Addressing Unmet Needs of Dementia With Lewy Bodies: James Galvin, MD, MPH


The director of the Comprehensive Center for Brain Health at the University of Miami Miller School of Medicine discussed the treatment differences and unmet needs between dementia with Lewy bodies and Alzheimer disease. [WATCH TIME: 4 minutes]

WATCH TIME: 4 minutes

“This compounds—CT1812—binds to something called the sigma 2 receptor. What's interesting about binding to this receptor is that it seems to displace or block the ability of these oligomers to bind to cells."

At the 2022 Clinical Trials on Alzheimer Disease (CTAD) conference, held November 29 to December 2, in San Francisco, California, several trials assessing investigational agents for Alzheimer disease (AD) and related dementias were presented. Dementia with Lewy bodies (DLB), one of the causes of dementia, leads to a decline in thinking, reasoning, and independent function. As with other types of dementia, there is no single test that can conclusively diagnose DLB. Similarly, the need for treatment options for DLB remains significantly high, as there are currently no FDA-approved therapeutics.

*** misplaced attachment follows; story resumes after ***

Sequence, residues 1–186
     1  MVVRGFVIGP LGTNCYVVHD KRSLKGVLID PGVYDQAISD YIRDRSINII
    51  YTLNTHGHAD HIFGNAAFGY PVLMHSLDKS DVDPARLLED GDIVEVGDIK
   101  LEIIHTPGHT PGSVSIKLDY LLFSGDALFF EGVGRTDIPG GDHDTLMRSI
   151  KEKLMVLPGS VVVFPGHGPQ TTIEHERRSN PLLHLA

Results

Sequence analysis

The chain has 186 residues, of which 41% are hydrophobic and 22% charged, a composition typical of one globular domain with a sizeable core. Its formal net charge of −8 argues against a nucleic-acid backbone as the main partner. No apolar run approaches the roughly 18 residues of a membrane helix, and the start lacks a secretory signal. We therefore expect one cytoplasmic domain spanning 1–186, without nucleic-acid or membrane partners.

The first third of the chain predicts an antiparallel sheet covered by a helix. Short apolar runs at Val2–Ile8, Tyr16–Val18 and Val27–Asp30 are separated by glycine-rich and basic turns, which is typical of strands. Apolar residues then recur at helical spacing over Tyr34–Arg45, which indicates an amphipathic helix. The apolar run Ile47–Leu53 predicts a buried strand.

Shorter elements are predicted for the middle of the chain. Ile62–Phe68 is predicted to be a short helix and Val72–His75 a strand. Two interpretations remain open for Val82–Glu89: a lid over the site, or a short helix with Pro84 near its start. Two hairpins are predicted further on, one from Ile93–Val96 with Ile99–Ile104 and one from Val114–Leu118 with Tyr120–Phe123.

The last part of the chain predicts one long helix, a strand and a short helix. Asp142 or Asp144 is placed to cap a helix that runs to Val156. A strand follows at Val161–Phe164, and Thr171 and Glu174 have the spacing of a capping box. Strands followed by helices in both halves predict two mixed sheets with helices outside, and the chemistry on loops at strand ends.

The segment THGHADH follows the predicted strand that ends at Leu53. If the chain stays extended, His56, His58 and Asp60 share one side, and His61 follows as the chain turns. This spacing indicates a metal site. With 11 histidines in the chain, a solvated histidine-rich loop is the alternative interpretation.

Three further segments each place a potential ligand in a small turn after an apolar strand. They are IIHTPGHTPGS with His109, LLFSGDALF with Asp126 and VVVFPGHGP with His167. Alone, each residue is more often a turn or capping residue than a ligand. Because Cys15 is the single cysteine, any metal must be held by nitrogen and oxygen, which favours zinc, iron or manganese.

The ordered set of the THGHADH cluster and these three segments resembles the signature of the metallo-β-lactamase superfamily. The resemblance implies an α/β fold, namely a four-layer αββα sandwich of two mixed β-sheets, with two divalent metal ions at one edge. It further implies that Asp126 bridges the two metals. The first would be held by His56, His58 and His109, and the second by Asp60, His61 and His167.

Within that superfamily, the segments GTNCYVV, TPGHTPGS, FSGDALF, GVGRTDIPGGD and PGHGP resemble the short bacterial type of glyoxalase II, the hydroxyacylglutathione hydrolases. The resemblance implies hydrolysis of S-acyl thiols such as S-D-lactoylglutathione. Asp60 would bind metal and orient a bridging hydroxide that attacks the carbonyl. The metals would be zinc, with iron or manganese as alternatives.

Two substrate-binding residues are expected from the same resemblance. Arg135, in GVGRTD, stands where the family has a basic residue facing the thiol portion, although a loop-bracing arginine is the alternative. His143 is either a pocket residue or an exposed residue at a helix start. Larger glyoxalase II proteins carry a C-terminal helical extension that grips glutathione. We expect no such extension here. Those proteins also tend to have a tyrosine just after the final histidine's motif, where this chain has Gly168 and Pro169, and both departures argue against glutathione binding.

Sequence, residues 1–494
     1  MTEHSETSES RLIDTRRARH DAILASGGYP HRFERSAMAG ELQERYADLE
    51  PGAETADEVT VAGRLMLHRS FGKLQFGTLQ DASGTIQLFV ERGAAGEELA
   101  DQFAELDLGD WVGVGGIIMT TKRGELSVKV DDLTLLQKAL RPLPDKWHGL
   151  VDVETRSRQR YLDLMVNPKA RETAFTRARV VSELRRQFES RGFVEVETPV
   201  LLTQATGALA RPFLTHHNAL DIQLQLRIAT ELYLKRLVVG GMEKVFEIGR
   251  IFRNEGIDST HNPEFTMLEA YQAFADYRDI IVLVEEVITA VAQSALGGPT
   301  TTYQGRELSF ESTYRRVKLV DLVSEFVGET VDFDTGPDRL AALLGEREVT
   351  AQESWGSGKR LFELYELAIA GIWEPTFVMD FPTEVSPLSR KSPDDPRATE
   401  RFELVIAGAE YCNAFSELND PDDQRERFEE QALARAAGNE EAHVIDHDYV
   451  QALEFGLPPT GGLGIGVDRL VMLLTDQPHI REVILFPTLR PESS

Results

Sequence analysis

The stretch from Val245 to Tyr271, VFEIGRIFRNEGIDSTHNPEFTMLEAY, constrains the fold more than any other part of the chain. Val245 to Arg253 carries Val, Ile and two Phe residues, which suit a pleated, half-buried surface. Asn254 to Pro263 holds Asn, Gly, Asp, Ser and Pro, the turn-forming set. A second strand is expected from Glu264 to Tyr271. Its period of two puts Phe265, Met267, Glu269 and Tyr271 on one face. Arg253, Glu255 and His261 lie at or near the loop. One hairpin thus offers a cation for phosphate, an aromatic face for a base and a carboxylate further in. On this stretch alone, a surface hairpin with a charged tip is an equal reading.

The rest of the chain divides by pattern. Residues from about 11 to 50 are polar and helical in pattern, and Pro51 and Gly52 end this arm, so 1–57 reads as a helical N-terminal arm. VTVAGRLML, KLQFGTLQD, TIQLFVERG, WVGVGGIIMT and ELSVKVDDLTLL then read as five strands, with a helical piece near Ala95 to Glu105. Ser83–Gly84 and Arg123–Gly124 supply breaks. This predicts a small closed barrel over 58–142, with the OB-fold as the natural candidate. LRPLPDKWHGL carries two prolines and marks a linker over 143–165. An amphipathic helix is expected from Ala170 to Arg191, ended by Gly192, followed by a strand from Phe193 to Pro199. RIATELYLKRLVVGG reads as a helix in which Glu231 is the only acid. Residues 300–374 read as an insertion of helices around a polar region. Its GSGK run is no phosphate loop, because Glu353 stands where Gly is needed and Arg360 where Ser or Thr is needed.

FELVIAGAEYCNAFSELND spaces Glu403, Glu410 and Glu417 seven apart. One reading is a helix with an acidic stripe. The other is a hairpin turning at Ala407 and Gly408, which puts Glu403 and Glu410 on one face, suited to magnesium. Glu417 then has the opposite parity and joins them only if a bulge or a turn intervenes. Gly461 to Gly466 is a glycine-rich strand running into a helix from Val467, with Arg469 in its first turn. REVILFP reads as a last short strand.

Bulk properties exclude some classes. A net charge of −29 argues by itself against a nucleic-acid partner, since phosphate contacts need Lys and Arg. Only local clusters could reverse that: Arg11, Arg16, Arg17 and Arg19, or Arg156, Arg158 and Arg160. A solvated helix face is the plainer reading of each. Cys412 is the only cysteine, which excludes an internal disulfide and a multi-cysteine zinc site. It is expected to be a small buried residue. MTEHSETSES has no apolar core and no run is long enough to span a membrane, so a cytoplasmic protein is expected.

Several of those within the field, including expert James Galvin, MD, MPH, are actively trying to expand the DLB treatment toolbox. Galvin, the director of the Comprehensive Center for Brain Health at the University of Miami Miller School of Medicine, is currently leading a phase 2 study (NCT0522514) assessing CT1812 (Cognition Therapeutics), an experimental orally delivered, brain penetrant, small molecule therapeutic designed for DLB. The agent selectively binds the sigma-2 receptor, displaces toxic oligomers, and has been shown in non-clinical studies to normalize disrupted cellular processes, protect neurons, and restore cognitive function in transgenic animals.

NeurologyLive® caught up with Galvin at CTAD to discuss some of the fundemental differences in pathology between AD and DLB, as well as the symptoms patients may face. Additionally, he provided perspective on why CT1812 has the potential to become the first therapeutic available for patients with DLB.

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